Investigation of Solvation Structure and Battery Performance of Highly-Concentrated Aqueous Meo-TEMPO Catholyte

Wednesday, 4 October 2017
Prince George's Exhibit Hall D/E (Gaylord National Resort and Convention Center)
R. Yang, K. Takechi (Toyota Research Institute of North America), Y. Zhang, and E. J. Maginn (University of Notre Dame)
A type of high-energy-density redox-active catholyte using 4-methoxy-2,2,6,6-tetra-methypiperidine 1-oxyl (MT) as a redox compound has been reported. MT melts with the plasticizing lithium salt (lithium bis(trofluoromethanesulfonyl) imide or LT), and the molecules coordinate Li cations (Li+) forming “solvate ionic liquid”. With addition of water, the catholytes express improved properties (e.g. conductivity and viscosity), making them suitable for practical battery application. Nevertheless, no bulk water behaviors (such as icing) are observed in the differential scanning calorimetry (DSC) analysis at lower water content (< 29 wt%), implying the resulting aqueous catholytes maintain the nature of “solvate ionic liquid”. Because mechanistic understandings of the unique feature of the catholytes are very important to improve the performance of the battery, we investigated the solvation state in these liquids from both theoretical and experimental aspects.

Molecular simulation was conducted to understand the dynamic properties of the MT/LT/water mixtures. In the dry MT/LT mixture, Li+ are found to be adjacent to the MT ring, and TFSI- are surrounding the N-O• group. With the addition of water, Li+ does not have a well-defined preferred location but tends to be uniformly distributed at its bulk density. Water was observed to locate around the N-O• group, while the probability of finding TFSI- in the same area decreased significantly. A small amount of water is able to break up MT-TFSI- and MT-Li+associations. The maximum amount of water held up by MT molecules is found to be 5-6 to LT/MT. The liquid phase structure is also consistent with the self-diffusion coefficient calculated using the Einstein relation; a sharp increase in MT diffusivity occurs upon addition of water up to a water molar ratio of 5 and then it slows down thereafter.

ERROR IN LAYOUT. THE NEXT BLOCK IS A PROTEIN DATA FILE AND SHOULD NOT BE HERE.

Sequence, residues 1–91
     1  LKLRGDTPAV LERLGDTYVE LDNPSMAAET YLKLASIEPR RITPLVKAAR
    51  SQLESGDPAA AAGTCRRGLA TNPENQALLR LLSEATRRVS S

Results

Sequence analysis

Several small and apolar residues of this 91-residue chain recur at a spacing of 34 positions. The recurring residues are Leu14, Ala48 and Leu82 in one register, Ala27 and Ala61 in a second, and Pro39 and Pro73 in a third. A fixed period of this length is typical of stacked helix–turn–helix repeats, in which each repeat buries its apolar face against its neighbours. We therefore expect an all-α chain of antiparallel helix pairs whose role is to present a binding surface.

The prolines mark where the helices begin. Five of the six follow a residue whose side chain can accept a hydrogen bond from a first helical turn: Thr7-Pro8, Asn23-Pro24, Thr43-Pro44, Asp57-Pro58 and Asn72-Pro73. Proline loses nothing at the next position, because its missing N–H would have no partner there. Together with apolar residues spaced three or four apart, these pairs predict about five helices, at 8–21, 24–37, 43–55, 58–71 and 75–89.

The solvation structure of catholyte system is also investigated by Raman spectroscopy. Observed from the region of TFSI- vibration, the ordered contact ion pair of Li+ and TFSI- was interrupted by increased amount of water, and complete solvation was achieved at water ratio close to 6. Water is also found to solvate Li+ and the coordination number is around 4 even with the existence of MT in the liquid. On the N-O• group, three types of vibrations were discovered indicating complex interactions among MT, Li+ and water. By increasing the concentration of water, the amount of MT coupling with Li+was reduced, while increased fraction bonding with water was observed. The bonding capacity is determined at ~5, which shows good consistency with molecular simulation results.

Ionic conductivity and viscosity of the resulting liquids were measured and these properties are found to be greatly dependent on the water content. Higher amount of water is favorable to improve these physical properties. On the other hand, when employing these liquids as catholytes in lithium ion based batteries, usage efficiency and discharge voltage are found to more rapidly increase before water molar ratio reaches to ~5. MT-water interactions are believed to play a dominating role on the battery performance. The interactions reduce the stronger bonding forces between MT and the ions, resulting in faster diffusion of the redox active material (MT). The accelerated MT diffusion enhances the utility efficiency, and also reduces the distance of diffusion layer on the electrode resulting higher discharge voltages.